Sitting down to talk about the project on Bill Maher she offered the idea that schools may become community centers as we shift our POV from the past traumas and systemic abuse to a future filled with new 21st Century systems. Each persons heart is lovingly expressed by Ms. Smith warts and all, as demonstration of the truth and stands in the breach for what is unloving to fall away.
Loosely paraphrased ‘If we don’t do something, take the necessary fearless moral inventory, if we don’t address and confront and shift our points of views, our perceptions and our work flows’ She notes “schools are going to look like prisons.”
Over the course of this powerful one woman tour de force She portrays, both men and women, “roughly breaking down to half and half, men and women.” Ms. Smith’s lifetime of character work raises the roof in Notes from the Field laying bare a tapestry of race and the isms clogging our system, the experience of participating in her field work is so complete, by the end of the show, there is no Ms. Smith, it is only, and illuminatingly, the person she is portraying and the resonating beat of a heart sharing an experience of hope and light in the darkness. She gets within the skin, and body, and mind and soul of her subjects with no missteps in her nuanced movements and distilled dialogue. This is truth held up for review, to bare witness along with her, but not of her, this is a great genius at work. This is an artist whose life’s work is on display, in a unique and graceful process, full of beauty, and for the audience is like a painting of possibility with each person portrayed on her canvas a portrait of love in action and we are all the better for it.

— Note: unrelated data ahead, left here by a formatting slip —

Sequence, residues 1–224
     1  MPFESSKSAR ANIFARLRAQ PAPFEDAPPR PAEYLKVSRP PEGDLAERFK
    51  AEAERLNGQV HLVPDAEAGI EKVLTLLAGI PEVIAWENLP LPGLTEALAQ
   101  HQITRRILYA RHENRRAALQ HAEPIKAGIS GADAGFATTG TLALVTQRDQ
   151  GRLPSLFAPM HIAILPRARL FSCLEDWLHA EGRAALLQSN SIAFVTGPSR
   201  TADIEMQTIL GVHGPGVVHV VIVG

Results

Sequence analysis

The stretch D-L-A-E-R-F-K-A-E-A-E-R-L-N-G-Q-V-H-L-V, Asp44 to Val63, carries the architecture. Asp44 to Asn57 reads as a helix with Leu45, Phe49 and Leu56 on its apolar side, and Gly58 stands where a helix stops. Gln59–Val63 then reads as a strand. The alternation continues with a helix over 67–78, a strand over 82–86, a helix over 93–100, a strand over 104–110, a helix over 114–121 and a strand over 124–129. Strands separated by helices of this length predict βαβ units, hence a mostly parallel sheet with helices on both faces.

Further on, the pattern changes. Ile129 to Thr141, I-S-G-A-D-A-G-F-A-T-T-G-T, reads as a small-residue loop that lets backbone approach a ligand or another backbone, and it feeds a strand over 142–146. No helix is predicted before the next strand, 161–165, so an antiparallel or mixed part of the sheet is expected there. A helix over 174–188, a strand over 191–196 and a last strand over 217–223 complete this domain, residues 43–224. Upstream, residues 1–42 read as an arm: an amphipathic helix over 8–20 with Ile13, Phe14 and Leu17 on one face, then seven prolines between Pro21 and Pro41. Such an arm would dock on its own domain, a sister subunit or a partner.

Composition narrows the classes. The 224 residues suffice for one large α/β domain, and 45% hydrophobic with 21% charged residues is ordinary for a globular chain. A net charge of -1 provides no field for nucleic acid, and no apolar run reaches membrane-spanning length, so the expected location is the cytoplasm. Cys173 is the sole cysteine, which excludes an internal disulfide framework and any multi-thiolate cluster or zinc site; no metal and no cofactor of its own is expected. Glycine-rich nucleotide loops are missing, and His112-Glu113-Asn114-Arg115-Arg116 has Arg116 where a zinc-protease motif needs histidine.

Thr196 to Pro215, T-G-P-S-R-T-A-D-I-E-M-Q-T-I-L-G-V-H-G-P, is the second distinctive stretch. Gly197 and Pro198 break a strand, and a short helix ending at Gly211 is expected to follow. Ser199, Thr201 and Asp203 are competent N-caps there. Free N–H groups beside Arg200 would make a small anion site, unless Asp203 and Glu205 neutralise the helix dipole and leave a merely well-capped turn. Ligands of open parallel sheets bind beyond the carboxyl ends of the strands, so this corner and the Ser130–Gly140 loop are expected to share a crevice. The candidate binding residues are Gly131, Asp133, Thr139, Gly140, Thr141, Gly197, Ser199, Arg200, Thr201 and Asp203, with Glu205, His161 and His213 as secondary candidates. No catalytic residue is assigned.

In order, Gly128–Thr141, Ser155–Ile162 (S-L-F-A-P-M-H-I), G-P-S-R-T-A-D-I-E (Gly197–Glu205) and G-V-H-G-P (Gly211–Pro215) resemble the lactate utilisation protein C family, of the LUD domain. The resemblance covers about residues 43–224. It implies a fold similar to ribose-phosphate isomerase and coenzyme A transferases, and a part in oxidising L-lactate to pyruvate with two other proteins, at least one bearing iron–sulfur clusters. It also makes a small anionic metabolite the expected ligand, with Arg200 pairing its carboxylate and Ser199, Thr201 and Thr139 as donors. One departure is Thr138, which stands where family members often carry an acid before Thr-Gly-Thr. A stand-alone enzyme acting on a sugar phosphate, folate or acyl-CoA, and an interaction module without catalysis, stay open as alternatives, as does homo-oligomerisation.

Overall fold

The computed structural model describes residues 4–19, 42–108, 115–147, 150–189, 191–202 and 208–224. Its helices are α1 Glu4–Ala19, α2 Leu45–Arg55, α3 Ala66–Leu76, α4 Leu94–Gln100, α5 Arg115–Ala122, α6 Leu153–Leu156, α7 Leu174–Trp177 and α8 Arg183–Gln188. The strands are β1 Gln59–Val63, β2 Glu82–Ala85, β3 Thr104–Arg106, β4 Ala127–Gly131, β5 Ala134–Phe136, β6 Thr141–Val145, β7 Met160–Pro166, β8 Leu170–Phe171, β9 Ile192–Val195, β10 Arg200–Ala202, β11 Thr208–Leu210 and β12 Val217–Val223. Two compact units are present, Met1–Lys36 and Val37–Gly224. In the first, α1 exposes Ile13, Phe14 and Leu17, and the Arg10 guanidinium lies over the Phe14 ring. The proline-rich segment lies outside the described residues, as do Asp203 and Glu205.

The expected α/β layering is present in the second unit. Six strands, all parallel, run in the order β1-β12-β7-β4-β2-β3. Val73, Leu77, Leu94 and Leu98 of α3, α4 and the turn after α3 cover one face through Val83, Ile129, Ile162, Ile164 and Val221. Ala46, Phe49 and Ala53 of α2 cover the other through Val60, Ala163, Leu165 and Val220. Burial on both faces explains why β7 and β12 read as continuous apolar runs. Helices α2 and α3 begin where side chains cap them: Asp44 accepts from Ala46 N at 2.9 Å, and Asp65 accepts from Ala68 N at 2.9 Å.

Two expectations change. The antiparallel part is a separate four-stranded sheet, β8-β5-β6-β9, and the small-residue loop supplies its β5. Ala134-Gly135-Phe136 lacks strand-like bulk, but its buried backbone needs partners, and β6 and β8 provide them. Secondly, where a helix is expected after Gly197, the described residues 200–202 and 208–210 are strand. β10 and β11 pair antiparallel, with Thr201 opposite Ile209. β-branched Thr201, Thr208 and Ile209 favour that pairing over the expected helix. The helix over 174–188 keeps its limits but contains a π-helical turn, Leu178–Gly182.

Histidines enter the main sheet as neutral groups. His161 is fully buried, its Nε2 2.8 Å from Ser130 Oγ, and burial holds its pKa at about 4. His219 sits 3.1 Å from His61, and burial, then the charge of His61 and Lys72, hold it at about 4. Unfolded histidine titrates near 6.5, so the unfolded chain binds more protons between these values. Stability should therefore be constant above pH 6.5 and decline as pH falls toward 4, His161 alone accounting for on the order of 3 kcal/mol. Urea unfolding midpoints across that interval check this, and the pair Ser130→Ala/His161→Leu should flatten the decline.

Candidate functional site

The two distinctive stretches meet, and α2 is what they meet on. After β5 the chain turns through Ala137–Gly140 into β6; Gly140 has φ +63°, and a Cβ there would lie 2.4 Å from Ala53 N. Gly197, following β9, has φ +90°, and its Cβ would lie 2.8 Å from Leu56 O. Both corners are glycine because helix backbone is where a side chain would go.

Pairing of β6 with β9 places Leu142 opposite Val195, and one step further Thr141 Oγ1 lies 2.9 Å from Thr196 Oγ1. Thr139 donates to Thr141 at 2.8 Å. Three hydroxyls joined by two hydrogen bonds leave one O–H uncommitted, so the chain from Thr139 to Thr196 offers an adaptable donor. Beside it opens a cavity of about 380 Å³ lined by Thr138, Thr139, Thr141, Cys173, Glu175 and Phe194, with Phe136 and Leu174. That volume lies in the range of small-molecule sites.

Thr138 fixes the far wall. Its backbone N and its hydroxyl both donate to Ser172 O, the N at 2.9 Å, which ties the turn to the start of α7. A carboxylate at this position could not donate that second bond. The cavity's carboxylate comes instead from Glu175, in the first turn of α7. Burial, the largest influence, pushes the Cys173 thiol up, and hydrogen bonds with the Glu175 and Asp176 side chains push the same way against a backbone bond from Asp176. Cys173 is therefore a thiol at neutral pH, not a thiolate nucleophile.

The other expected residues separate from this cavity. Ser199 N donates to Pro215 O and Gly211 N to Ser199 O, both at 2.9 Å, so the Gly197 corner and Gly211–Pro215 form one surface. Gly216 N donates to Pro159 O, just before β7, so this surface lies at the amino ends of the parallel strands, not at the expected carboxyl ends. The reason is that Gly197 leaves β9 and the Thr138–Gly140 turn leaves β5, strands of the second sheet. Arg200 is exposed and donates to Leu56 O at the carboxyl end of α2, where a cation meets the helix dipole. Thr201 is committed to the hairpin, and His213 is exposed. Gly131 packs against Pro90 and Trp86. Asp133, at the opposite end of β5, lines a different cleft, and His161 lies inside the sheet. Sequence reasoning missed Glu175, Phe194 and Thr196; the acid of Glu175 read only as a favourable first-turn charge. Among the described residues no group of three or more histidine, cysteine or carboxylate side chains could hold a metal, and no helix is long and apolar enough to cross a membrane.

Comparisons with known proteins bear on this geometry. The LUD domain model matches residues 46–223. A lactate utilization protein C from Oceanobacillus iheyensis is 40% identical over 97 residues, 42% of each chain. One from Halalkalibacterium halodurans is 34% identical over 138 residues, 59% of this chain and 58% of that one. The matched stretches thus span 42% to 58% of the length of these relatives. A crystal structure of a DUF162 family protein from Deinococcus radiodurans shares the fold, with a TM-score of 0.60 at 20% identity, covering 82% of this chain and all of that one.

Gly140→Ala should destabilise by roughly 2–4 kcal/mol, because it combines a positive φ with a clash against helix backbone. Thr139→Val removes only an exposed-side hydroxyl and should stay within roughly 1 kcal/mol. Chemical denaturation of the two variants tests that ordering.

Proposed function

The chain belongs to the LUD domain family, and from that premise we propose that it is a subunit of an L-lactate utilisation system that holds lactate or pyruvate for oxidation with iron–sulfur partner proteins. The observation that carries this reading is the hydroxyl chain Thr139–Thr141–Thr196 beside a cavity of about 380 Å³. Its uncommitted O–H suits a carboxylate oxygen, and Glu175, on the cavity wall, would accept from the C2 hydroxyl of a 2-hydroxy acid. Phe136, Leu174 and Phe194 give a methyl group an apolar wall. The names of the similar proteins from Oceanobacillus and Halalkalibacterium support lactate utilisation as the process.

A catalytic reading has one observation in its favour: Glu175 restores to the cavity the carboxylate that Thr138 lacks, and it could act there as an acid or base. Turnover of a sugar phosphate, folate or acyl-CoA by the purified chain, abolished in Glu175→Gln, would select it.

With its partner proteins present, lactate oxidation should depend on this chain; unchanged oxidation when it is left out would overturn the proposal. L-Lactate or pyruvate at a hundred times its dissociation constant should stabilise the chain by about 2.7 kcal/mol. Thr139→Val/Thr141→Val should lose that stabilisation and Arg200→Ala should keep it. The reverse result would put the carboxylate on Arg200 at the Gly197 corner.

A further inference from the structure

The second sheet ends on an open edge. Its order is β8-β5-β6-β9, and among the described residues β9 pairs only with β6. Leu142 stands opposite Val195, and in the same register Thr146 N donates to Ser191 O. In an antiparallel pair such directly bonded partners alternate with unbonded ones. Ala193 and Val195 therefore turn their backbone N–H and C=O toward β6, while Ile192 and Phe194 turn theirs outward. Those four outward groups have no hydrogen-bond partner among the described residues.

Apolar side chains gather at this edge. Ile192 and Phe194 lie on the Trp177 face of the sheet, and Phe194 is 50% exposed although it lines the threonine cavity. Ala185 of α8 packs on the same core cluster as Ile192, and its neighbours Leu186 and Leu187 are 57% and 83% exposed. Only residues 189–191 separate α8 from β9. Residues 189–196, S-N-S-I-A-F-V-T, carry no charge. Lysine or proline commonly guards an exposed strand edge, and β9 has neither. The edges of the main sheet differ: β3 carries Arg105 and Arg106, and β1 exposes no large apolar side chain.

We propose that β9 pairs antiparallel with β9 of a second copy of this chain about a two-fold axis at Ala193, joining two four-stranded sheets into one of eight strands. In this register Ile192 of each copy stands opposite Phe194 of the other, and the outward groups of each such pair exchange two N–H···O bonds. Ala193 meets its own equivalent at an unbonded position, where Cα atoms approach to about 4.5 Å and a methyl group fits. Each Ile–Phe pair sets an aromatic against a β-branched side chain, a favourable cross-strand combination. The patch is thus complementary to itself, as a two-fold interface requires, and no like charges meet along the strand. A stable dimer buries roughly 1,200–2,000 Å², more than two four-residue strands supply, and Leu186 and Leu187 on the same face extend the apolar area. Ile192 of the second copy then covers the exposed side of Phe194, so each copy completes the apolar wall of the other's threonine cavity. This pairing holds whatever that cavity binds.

After sharing troubling stories, Ms. Smith “wanted to build toward an ending with acts of courage, like the story of the woman climbing the flagpole to bring down the confederate flag…. it reflects the voices of many people not just one race, one gender.”